This Warner Home Video DVD release of Ken Annakin's Battle of the Bulge (1965) is encouraging when compared to previous versions. The movie has been horribly abused on television and home video over the decades, including a laserdisc edition that was transferred from a source that was missing several key scenes that were available in the television version. In this release, however, the overture, complete with Benjamin Frankel's superbly rousing atonal score, was present on the front end, and with good sound as well; the cut to the opening credits at two and a half minutes into the movie is against a real black background; the main title theme, with its German marching music (played with no little irony by what sounds like a muted flugelhorn), sounds just about right over the speakers; and, though the reds in the credit art bleed a little, it's nothing like they did in previous video showings. The picture quality is spectacular. The Ultra-Panavision photography looks almost like high-definition in this definitely non-HD playback, letterboxed to preserve the scope aspect ratio of the original theatrical release. Even in the wide shots, you can make out skin textures on the faces of the characters, and the picture is so sharp that the back-projection sequences haven't a prayer of looking real. The picture is so clear that for the first time since the movie's original release, one can appreciate Annakin's use of deep-focus photography in certain strategic shots, such as the scene 13 and a half minutes into movie, in the German general's quarters. This is a disc that is perfect for big-screen monitors, and with the right speaker system will be a superb demonstration disc. Unfortunately, at 42 minutes and 50 seconds in, there is a cut of a key scene, in which Robert Shaw's German army officer, faced with a woman of pleasure's (Barbara Werle) attempted seduction and teasing, savagely bites her lip in the middle of a kiss, wounding her before sending her away. The shot was in network showings of the movie during the 1960s and '70s, and seen on AMC in the 1980s, but it has been removed here, for reasons no apparent reason. Everything else that was missing from the laserdisc edition, or from various recent TV showings, is now back. That includes vital dialogue between Henry Fonda and Charles Bronson in the forward bunker, and between James MacArthur and George Montgomery at 65 minutes in, that this reviewer has never seen before. What's more, the new letterboxed digital transfer makes the scenes depicting the initial rout of the Americans finally make sense; even better, they are now allowed to build to the intended crescendo, like a symphonic movement. The intermission is present with its music, and what's even better is that on the return to the movie, it's possible to make out usable picture information in the realistic night scenes of the assault on Amblève. Also, the complete sequence depicting the German occupation of Amblève is now intact, for the first time in a high-end video format, and it is letterboxed. The climactic tank battle at last makes sense, and even the exit music is present in its entirety. The movie itself had serious problems from the get-go, in its conception and execution, which are delineated elsewhere (this is not the place to learn about the actual Battle of the Bulge, because too much of it relies on inaccurate history and bad scriptwriting), but it is the place to see one of the last old-style, unquestioning war movies, and one of the last big-budget pictures of its type and subject, oddly enough closing out a cycle that had begun with the Annakin-co-directed The Longest Day. Battle of the Bulge has been treated well in terms of disc design, with a seamless layer transition and a trio of bonus features. The strangest is the first, "The Filming of Battle of the Bulge," a ten-minute black-and-white documentary which opens with its focus on Von Lauchert, the surviving senior German general from the battle. Von Lauchert may have made certain that the German troops in the movie looked accurate, but the movie played so fast-and-loose with the real events that this documentary ends up looking a bit ludicrous in retrospect. Henry Fonda adds some well-intentioned but ineffectual narration, but what is curious is that in black-and-white, all of the scenes here look more realistic than the finished color Ultra-Panavision footage. Oddly enough, the documentary seems unsure whether it's about the movie or Von Lauchert. "History Recreated," with a British host, keeps its focus closer to the movie, and includes an interview with producer Milton Sperling, who gives a very vivid account of the making of the movie, which was shot in February of 1965 for release in December of that year; and Robert Shaw is interviewed as well, in what has to be the highlight of the entire disc, short of the presentation of the movie itself. Apart from some surprising observations about his character in the movie, Shaw also talks about a film dealing with William the Conqueror that he was supposed to make next (and never was made). The original trailer is also appended, which describes the battle of its subject as an example of boldness so great that "only Teutonic arrogance could have conceived it." The trailer runs too long and is too disjointed to really "sell" the movie honestly; it does include outtakes of certain dialogue scenes, however, and is interesting on that basis alone. The movie has been given a very generous 47 chapters, and there are optional English, French, and Spanish subtitles.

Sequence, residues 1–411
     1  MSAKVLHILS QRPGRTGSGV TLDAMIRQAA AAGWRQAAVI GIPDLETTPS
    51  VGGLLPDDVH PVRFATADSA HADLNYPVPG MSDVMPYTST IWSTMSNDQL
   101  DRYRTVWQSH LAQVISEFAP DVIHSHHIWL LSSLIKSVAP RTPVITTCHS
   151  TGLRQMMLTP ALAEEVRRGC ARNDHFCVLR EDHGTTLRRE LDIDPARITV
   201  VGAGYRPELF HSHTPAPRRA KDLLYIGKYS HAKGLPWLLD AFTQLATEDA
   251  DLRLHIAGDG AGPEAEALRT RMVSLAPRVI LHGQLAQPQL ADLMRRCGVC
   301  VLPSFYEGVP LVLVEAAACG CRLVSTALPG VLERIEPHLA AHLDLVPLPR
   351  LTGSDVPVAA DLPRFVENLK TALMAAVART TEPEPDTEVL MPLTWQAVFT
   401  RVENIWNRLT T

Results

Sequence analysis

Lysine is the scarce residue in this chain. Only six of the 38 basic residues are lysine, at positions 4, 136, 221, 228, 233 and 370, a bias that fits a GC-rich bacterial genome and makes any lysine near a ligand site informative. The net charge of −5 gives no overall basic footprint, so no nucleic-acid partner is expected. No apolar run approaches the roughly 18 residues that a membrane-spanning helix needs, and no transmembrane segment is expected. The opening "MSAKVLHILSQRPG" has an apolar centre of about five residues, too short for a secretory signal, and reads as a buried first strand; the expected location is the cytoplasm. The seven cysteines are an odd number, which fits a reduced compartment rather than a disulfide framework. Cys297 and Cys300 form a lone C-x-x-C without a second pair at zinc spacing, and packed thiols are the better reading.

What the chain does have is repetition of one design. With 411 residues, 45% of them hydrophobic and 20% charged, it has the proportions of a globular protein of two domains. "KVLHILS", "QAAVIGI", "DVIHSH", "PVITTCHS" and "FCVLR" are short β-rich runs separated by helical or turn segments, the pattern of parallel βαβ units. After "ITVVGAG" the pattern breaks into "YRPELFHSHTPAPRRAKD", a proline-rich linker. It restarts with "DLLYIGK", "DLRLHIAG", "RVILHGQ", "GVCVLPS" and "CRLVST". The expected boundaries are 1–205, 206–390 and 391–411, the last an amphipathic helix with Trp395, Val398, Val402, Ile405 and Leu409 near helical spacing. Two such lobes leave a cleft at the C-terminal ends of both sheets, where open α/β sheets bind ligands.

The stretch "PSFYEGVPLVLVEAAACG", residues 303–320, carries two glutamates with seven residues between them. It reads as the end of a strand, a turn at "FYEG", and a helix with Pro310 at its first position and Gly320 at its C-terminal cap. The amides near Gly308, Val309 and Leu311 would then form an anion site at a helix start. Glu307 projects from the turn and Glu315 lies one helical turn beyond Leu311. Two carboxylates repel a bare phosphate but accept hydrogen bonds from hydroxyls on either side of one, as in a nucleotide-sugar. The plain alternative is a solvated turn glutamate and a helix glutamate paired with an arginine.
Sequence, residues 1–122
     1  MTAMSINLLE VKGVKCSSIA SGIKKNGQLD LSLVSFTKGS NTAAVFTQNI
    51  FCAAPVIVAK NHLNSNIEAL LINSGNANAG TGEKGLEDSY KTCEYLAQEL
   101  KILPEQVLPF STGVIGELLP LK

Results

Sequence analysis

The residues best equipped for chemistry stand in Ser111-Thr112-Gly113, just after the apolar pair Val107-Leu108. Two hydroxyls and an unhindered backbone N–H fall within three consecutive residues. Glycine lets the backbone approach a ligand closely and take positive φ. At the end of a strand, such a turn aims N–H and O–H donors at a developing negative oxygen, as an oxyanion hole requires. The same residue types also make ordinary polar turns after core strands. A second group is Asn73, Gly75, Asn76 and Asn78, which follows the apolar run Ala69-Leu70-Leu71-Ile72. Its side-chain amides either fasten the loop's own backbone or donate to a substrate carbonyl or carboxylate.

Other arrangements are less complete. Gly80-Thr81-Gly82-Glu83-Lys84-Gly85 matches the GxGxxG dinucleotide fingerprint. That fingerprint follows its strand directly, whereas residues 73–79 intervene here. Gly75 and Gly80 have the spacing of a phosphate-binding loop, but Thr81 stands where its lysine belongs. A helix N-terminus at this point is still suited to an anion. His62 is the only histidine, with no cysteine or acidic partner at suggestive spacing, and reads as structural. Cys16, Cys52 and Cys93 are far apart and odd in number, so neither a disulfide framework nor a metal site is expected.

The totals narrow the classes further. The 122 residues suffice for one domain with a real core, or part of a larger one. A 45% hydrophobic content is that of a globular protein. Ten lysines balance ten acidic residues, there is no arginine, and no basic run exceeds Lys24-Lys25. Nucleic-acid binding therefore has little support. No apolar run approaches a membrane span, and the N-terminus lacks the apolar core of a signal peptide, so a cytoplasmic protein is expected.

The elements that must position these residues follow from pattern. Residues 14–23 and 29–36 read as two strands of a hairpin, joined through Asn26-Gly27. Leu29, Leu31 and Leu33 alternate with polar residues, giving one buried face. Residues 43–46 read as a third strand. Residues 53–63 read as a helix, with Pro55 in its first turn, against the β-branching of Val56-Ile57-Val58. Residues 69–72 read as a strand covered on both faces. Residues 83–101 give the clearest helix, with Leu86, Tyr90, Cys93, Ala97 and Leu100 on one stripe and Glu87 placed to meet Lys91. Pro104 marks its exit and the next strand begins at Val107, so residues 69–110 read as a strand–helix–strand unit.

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Special Features